While no convention has been called for using the process prescribed in Article V, we are not without precedent. We could look to the Philadelphia Convention of 1787, which in fact gave us our Constitution.
Whatever the exact procedure for the convention will be, it will be agreed upon by the states and will be part of the interstate compact governing and running the convention. While the specifics will need to be determined during the negotiating process by the states themselves, we can be certain of a few items:
- There will be a President of the Convention who will preside over the debate and voting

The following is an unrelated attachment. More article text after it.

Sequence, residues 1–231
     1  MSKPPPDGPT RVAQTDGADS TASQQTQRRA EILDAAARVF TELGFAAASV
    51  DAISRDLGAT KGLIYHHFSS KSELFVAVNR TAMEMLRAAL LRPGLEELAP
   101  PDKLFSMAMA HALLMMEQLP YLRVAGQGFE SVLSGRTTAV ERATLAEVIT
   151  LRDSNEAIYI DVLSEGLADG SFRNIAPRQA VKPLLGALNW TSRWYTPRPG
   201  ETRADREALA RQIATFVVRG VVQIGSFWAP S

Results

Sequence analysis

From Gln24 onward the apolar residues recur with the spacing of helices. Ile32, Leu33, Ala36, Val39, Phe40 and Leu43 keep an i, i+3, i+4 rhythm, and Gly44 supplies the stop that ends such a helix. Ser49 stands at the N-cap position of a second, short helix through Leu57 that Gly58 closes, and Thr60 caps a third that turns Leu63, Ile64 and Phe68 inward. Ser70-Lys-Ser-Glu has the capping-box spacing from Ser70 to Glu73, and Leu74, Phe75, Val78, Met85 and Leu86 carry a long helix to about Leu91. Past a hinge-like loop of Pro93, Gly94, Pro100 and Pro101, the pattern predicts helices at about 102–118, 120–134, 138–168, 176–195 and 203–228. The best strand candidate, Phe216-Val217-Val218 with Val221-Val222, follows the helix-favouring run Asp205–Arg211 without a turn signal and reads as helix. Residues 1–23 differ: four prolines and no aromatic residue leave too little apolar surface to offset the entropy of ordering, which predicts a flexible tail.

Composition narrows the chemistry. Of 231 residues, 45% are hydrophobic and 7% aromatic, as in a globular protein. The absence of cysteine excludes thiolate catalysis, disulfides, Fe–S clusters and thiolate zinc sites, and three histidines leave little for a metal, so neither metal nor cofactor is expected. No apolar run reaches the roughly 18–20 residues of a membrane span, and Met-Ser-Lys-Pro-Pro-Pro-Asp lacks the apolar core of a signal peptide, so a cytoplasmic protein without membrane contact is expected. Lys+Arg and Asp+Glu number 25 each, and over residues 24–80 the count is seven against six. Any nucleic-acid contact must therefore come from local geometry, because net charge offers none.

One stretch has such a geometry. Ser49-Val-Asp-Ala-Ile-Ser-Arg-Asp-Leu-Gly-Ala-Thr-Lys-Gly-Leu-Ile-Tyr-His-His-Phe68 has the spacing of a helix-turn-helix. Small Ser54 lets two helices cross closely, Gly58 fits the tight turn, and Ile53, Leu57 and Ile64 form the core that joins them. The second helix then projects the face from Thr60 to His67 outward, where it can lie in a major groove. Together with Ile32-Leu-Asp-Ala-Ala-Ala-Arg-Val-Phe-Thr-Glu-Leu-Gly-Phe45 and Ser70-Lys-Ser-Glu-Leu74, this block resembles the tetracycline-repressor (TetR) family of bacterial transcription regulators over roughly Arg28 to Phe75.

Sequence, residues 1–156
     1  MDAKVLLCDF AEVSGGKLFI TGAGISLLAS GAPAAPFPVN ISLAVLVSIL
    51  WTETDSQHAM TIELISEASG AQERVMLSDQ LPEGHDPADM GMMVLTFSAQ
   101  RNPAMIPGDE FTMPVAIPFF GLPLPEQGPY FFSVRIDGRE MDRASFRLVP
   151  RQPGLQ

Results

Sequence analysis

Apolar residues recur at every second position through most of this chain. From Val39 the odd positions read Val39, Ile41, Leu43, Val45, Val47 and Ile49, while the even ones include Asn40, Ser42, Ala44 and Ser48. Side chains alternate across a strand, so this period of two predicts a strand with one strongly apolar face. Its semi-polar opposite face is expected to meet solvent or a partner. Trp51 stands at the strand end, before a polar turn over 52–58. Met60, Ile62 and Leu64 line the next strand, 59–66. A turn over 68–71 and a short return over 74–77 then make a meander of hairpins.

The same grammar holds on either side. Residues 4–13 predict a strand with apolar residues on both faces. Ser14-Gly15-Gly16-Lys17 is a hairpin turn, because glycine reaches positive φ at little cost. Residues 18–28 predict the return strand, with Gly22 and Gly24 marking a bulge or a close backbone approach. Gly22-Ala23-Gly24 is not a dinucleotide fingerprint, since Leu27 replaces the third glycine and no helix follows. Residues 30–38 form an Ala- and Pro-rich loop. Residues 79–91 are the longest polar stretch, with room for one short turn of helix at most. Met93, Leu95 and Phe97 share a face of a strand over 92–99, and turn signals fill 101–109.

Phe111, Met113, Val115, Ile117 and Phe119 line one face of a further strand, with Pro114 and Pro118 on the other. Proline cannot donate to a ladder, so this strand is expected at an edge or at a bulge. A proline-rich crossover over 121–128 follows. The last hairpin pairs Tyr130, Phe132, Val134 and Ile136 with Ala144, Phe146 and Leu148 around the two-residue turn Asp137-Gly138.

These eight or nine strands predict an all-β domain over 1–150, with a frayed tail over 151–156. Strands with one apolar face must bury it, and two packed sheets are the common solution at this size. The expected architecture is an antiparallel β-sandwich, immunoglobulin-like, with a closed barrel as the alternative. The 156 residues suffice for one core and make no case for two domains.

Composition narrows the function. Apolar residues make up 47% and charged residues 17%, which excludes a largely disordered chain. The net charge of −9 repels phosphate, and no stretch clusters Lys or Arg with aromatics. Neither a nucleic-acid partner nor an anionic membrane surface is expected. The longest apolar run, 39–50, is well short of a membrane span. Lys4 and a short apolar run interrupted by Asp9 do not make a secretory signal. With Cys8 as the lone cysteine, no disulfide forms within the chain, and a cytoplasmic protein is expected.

- Constraints about what type of an amendment and limitations around what may be ultimately proposed by the convention will be in place
- Each state, regardless of size, will receive only one vote
- States will send delegations and follow quorum rules, according to either their own rules or rules set forth by the compact
- When the convention votes to propose an amendment, the President of the Convention will provide the proposed amendment directly to the Archivist of the United States for transmission to the states for ratification
- The compact will be automatically dissolved after the amendment has been proposed